It is my responsibility, as a baseball columnist, to stay alert to major shifts in culture which will affect our sport of choice. Surely you’ve noticed that players have begun changing uniforms every at-bat, rather than maintaining the same old boring design or logo or even uniform colors game to game. Our attention spans deserve better.
For a shining example in using uniform design to hold the loving embrace of fans’ continuous attention beyond five seconds, we must look to the example of speedskating. If you missed the U.S. Olympic trials–and, come on, who did, we were all glued to this national holiday–then allow me to keep you on trend.
Several suit designers, material experts, engineers, coaches, marketing executives, everyone at UnderArmour, USOC committee members, athletes, and the entirety of the US Speedskating infrastructure looked at the following and said: “This is the look we want to go with, here in the one week every four years we have to showcase our sport before the planet.”
At first I thought this was an issue simply of no women being about. When that happens, you tend to end up with world wars, twelve men on the field penalties, every single Transformer movie, and this apartment I used to live in that featured a gigantic mirror facing the toilet. I did some deep sports analysis research by executing a two-second Google image search and discovered that no, the women’s uniforms are no saner:
To be fair, even more extensive research—switching to DuckDuckGo—revealed that these uniforms were in place for the last Olympics, which absolutely cannot be true. It has to be some sort of deep-state placement plot. I would have remembered seeing other human beings appearing in public, let alone on worldwide television, looking like this. As a person who watches figure skating even in non-Olympic years, I am a credentialed expert in people on skates looking idiotic, and there is no possible way this would have escaped my notice in Sochi.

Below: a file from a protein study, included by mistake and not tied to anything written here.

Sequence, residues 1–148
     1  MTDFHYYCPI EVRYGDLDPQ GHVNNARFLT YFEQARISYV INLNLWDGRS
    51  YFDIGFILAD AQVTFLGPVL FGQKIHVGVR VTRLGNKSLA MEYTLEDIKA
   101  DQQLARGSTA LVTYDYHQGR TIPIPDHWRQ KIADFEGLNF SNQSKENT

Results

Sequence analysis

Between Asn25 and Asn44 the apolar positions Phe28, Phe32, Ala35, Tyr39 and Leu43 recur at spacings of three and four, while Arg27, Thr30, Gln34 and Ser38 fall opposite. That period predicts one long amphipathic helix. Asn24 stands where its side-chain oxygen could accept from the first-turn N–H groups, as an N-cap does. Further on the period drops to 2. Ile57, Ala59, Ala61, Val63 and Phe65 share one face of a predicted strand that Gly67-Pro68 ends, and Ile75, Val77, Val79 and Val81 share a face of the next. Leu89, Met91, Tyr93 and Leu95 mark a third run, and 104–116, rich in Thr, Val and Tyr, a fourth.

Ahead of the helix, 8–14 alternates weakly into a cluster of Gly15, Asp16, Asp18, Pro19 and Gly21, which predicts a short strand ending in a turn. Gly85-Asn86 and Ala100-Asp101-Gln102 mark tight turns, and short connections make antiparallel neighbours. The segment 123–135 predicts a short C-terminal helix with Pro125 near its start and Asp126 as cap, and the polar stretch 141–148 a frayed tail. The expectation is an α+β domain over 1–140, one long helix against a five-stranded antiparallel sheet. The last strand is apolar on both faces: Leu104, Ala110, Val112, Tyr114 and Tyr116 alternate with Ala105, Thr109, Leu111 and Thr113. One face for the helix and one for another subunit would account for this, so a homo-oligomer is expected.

I posted my immediate alarm about this on Facebook, and everyone immediately joined me in my deep concern that these athletes are somehow attempting to signal, via their crotches, that they are skating in circles under duress and desperately want out.
What’s going on here? Is it, perhaps, an aid during relay races? “Brent, man, check between my legs and let me know if there’s anyone behind me.” I don’t expect hardcore fashion at sporting events, but designing uniforms that are just this side of PG-13 isn’t too much to ask.
Someone braver about their search history than I finally pointed out that the shiny material is in fact “ArmourGlide,” which results in faster times, which is still no excuse. I have to wear pantyhose to make my high heels work properly, and that’s somehow readily available without making me look like I just fell off a float at the Terrible Mime Parade.
ArmourGlide supposedly reduces “thigh friction.” These are two words that should not go together in family-watching contexts, and yet here we are. The first Olympics speedskating event is on February 10 at 6 AM, so I’m just warning you– we are about to have a National Conversation about “thigh friction” whether you want it or not.
Fortunately, pitchers and catchers report on February 13.
Proud aunt Mary Beth Ellis is a freelance writer and college teacher who lives in Cincinnati, OH. Her home site, BlondeChampagne.com, has existed in at least some form since 2003, and Mary Beth has been a regular columnist with one publication or another from the age of 16. Her first book, Drink to the Lasses, was published in 2006. She currently teaches college, runs personal wine tastings, gives literary readings, and stares into the middle distance.